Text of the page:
In this episode of the Liberal Europe Podcast, Leszek Jażdżewski (Fundacja Liberté!) welcomes Paul Hilder, CEO of Datapraxis, Co-Founder of Crowdpac, 38 Degrees, and openDemocracy. He has played leadership roles at Change.org, Avaaz, and Oxfam, and was a candidate for the general secretary of the Labor party in the UK. They talk about the forthcoming Polish parliamentary and senate elections, polls, the ongoing campaign, voter mobilization, and the path to victory for both sides.
Leszek Jażdżewski (LJ): What do polls say about the forthcoming Polish elections? Who is going to win?
Paul Hilder (PH): The current situation is, honestly, quite uncertain, with the polls telling different stories. The polling average tells us that things are quite close, but that the opposition has some kind of an edge. Some of the polls – particularly those conducted by the Kantar – places the Civic Platform (the leading opposition party) very close to the ruling Law and Justice party. However, I do not take that very seriously, although the Kantar will be the one smiling on the election day if they are right. At the same time, there are government-aligned pollsters, who show quite wide arrays.
I have been doing some research in Poland over the last year or so, really trying to get under the skin of the electorate and to understand what is going on (including the people who are less interested in politics or in rural areas). It seems that the Law and Justice government is much stronger than a lot of the public polling is giving it credit for in terms of the current support and the potential reservoir of support. At the same time, the opposition is mounting much more of a serious challenge than they had at any point in the last several years – possibly, apart from the presidential race in 2020.
I do think that the race is finally in the balance. What people do within the next few days will be determinative.
LJ: Can we expect free and fair elections in Poland?
PH: The most serious observers would say that what we are going to see in Poland on October 15 is a free election (in which people will be able to cast their votes for the most part freely – with some question marks in the rural areas) but not a fair one. The reason for that is the fact that the government has rigged the playing field in a number of important respects – in terms of how the state broadcasting has become a propaganda machine, the role of state enterprises in heavily financing the government-initiated referendum (which is a device for driving up turnout on the right wing), and a number of other ways which will not make it fair.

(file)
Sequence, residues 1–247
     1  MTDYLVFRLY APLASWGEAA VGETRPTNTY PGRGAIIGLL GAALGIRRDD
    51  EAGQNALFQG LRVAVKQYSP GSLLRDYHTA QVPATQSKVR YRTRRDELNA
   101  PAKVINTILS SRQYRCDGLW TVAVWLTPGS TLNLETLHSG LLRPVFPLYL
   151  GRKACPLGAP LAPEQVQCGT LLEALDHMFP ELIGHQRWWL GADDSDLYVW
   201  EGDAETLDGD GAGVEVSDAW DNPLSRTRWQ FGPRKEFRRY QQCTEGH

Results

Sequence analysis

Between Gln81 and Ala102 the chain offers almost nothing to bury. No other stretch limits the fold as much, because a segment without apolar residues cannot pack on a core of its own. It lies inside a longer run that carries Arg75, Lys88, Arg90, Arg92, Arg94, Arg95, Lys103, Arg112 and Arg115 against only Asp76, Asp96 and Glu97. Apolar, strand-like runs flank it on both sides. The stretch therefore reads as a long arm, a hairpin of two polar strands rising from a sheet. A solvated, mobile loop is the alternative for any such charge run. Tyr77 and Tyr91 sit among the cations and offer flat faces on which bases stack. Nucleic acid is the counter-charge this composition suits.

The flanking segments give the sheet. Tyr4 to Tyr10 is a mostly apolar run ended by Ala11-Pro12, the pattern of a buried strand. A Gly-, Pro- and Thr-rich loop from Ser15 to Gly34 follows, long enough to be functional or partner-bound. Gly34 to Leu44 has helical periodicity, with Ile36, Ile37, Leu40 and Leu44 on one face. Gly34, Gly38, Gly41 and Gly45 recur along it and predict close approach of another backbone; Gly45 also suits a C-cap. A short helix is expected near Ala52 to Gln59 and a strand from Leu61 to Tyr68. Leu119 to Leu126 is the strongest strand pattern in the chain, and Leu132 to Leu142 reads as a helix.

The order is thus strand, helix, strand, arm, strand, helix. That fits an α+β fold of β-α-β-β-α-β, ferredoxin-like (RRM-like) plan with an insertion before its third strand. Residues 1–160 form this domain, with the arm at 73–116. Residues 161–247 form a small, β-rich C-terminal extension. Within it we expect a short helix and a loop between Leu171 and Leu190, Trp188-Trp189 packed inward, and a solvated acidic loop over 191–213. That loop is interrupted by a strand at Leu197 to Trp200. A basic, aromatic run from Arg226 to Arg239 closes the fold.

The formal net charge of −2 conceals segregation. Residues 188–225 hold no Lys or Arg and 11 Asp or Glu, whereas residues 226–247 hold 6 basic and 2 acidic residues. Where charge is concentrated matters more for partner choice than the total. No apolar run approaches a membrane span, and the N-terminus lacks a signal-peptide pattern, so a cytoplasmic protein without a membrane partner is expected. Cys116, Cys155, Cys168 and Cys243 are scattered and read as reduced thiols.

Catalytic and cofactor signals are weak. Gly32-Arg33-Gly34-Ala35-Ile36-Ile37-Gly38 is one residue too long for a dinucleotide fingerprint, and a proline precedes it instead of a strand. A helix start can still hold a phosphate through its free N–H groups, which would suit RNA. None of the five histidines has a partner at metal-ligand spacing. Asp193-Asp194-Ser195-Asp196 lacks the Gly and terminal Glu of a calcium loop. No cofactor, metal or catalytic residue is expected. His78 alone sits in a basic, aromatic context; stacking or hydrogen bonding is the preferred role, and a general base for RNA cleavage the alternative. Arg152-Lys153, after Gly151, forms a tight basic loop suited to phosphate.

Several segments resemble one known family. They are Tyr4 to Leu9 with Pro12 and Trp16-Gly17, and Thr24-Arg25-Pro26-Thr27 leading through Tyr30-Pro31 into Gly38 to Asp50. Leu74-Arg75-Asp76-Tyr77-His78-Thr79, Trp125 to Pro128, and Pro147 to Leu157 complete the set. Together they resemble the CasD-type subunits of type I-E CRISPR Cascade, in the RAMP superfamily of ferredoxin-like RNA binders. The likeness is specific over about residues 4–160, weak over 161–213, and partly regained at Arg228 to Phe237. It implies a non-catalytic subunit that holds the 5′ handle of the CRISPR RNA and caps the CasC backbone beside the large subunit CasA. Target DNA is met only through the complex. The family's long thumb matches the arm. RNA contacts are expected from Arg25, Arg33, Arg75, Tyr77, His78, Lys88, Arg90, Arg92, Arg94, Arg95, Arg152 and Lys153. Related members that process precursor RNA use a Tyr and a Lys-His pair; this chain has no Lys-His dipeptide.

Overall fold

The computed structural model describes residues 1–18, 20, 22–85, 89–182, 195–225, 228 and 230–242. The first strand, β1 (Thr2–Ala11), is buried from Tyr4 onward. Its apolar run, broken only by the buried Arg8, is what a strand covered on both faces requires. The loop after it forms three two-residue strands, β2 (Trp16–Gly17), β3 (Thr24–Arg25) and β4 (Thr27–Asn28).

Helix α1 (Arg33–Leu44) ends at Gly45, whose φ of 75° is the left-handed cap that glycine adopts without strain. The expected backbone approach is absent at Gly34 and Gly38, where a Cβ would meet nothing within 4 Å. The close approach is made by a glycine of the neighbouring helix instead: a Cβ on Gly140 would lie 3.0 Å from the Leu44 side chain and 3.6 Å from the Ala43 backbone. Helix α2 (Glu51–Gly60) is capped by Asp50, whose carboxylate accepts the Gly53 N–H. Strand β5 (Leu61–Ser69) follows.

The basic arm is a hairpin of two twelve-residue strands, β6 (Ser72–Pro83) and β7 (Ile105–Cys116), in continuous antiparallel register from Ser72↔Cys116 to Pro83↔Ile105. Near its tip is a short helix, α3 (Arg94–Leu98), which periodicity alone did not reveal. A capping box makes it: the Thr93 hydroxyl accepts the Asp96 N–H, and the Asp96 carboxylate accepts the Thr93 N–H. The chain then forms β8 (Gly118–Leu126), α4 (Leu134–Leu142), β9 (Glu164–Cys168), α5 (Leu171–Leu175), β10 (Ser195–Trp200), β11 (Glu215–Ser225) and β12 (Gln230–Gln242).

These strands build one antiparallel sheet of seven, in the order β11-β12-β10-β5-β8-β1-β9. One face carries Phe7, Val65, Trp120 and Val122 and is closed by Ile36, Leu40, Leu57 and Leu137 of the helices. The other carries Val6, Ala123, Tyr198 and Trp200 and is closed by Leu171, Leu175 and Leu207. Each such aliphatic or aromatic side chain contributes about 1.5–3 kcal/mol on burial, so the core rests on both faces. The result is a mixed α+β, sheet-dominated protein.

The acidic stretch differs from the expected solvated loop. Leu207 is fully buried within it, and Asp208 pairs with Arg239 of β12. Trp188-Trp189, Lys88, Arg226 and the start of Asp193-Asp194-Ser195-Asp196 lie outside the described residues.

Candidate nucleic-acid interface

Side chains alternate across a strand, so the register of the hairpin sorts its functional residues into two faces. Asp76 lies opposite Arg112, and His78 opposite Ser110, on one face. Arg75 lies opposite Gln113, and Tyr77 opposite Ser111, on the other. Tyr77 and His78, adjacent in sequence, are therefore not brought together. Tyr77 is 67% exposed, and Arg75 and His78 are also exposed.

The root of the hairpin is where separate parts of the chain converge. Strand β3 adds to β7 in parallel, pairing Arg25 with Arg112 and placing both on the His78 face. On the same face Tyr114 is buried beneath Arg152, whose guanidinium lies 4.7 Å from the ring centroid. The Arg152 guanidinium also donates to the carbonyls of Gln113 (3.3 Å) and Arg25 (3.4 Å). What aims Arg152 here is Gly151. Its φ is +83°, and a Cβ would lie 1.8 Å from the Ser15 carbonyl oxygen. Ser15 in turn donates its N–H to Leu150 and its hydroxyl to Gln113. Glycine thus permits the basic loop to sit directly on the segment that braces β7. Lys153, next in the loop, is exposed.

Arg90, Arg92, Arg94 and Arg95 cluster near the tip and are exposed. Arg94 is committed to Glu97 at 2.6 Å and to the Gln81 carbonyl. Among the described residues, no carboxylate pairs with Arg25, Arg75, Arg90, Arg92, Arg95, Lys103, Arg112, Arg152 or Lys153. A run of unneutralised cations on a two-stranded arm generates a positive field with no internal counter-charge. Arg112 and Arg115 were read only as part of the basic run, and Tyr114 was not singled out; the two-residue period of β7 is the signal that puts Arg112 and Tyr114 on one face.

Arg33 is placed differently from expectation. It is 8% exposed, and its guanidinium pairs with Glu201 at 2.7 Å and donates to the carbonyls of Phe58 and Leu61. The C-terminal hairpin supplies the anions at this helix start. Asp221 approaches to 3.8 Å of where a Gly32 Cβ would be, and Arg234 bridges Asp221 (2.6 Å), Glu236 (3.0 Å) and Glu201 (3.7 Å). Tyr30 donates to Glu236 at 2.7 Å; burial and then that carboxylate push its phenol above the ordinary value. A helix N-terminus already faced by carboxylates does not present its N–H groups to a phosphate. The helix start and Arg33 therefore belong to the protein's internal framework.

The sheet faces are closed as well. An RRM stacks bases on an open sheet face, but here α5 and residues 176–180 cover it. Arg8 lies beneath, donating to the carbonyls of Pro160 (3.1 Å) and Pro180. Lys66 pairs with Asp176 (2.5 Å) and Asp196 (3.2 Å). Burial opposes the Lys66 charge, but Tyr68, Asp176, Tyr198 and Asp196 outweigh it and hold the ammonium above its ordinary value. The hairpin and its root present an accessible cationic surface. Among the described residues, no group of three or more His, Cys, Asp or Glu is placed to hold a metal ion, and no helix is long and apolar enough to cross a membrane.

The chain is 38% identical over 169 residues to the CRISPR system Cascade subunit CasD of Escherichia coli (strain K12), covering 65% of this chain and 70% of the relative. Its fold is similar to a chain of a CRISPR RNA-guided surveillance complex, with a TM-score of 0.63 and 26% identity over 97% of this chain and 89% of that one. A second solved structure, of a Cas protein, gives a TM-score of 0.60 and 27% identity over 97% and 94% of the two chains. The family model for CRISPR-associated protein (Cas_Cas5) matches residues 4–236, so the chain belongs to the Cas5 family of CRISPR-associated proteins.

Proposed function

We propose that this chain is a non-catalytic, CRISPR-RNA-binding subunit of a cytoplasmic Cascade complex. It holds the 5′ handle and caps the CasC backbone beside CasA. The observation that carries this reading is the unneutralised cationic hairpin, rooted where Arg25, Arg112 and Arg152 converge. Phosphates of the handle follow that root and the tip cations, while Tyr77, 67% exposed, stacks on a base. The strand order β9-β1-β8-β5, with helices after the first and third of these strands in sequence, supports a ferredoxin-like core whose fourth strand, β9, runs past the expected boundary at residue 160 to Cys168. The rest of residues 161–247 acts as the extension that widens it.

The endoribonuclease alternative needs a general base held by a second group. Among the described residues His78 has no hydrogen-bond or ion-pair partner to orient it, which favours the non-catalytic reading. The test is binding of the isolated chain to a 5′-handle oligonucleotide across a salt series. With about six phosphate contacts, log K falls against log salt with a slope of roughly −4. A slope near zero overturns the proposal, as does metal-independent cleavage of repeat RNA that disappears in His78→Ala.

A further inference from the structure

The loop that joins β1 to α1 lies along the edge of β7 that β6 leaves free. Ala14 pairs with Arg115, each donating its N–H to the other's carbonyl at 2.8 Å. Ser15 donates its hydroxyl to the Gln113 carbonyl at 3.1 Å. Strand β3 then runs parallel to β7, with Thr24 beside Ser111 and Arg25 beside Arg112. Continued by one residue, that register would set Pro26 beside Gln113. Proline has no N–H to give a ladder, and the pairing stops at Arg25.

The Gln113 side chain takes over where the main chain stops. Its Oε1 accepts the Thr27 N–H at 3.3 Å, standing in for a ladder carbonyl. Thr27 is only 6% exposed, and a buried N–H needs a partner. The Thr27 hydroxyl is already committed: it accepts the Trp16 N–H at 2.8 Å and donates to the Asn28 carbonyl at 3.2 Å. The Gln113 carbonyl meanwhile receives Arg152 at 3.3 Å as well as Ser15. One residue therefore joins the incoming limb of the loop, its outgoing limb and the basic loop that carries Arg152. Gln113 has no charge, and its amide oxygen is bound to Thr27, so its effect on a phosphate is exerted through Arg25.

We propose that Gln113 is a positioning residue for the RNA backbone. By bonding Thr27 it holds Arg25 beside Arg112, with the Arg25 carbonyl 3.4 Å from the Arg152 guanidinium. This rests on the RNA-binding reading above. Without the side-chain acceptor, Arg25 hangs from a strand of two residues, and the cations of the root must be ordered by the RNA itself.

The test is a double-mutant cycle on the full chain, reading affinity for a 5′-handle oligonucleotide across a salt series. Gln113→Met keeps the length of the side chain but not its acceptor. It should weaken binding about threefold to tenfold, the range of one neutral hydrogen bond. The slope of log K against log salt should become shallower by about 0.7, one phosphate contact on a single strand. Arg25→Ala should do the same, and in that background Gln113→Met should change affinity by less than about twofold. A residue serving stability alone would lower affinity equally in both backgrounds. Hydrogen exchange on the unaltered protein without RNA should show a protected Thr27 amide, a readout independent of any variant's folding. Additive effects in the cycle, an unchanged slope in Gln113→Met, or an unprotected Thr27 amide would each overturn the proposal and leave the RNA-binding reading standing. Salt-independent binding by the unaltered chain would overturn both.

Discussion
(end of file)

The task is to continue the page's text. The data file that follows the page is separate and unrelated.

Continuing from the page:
I do think that Poland is still a democracy, but the playing field is titled.
LJ: People on the outside might think that the Polish society is really divided. What are the characteristics of the opposition voters, the ruling party voters, and those of the Confederation party?
PH: When it comes to the Law and Justice electorate, it is an electorate that is, overall, older (although not exclusively, as there are some younger people who vote for this party, particularly in the rural areas), rural, lower education, more conservative, and relatively poor. It consists of a lot of people for whom the so-called ‘500+’ child benefits are important – younger families, particularly in rural areas. Then, there are also the winners from the PiS system – the insiders – as well as the people who are ideologically on the right.
Turning to the opposition, there are three main opposition parties. There is the Civic Coalition, which was a center-right grouping, but now it is a more liberal-center party in terms of its central gravity. Its electorate is quite diverse – it tends to be more high education, urban, interested in politics, and socially increasingly liberal (which is one of the reasons why Donald Tusk has moved toward more liberal positions on issues like abortion and even the separation of the Church and the state).
Then, there is Lewica (the Left), whose electorate is very much concentrated in larger cities, with a core base described as ‘cosmopolitan liberals’, who are more intently left wing (in a way that the left parties are sometimes in Western Europe), but are socially liberal, as well as some of the post-Communist electorate in the provinces.
Finally, there is the Third Way, which is an alliance of Szymon Holownia (a former TV host and a presidential candidate) and his Poland 2050 party and the traditional Polish Peasants’ Party (PSL) in the rural areas, which has a more socially conservative base. They are going for more of a centrist positioning and more swing voters.
Moreover, there is the Confederation – the traditional, hard-right, national, conservative, and libertarian wing. They have recently relaunched themselves with two young leaders – including Slawomir Mentzen, an economist and businessman, who was a former presidential candidate. They are very big on TikTok, trying to present themselves as the champions of the economic freedom. They are also primarily anti-European, among many other aspects. They appeal primarily to young men. A lot of them live outside of the major urban centers and are people who are doing reasonably well economically, but who are pissed of for one reason or another – they are strongly anti-system.
LJ: What are the main issues covered by the election campaign?
PH: One of the questions we have been asking in our closing research (including focus groups and surveys) was about what would the worst outcome be – the reelection of the PiS government or the return of Donald Tusk as the prime minister? It is no coincidence that the central theme in the final days before the election of each of those groups is that the Coalition will be saying that we cannot let PiS come back, they are evil and need to be destroyed and rooted out, whereas Law and Justice will be saying that we need to stop Donald Tusk from coming back, that he has done terrible things before and that he will do them again (which are direct quotes from advertisements on social media from last week). Clearly, there is a very negative character to those campaigns.
In terms of what is going on in people’s minds, the cost of living is the pre-eminent issue – as in many European countries today. That is something that crosses the political spectrum for almost everybody. Next, there is health. The Polish healthcare system is really struggling, waiting lists are a huge problem in the country. For the most part, the population does not really believe that anyone has a credible offer on health. The opposition has not been able to present something that would cut through on that topic.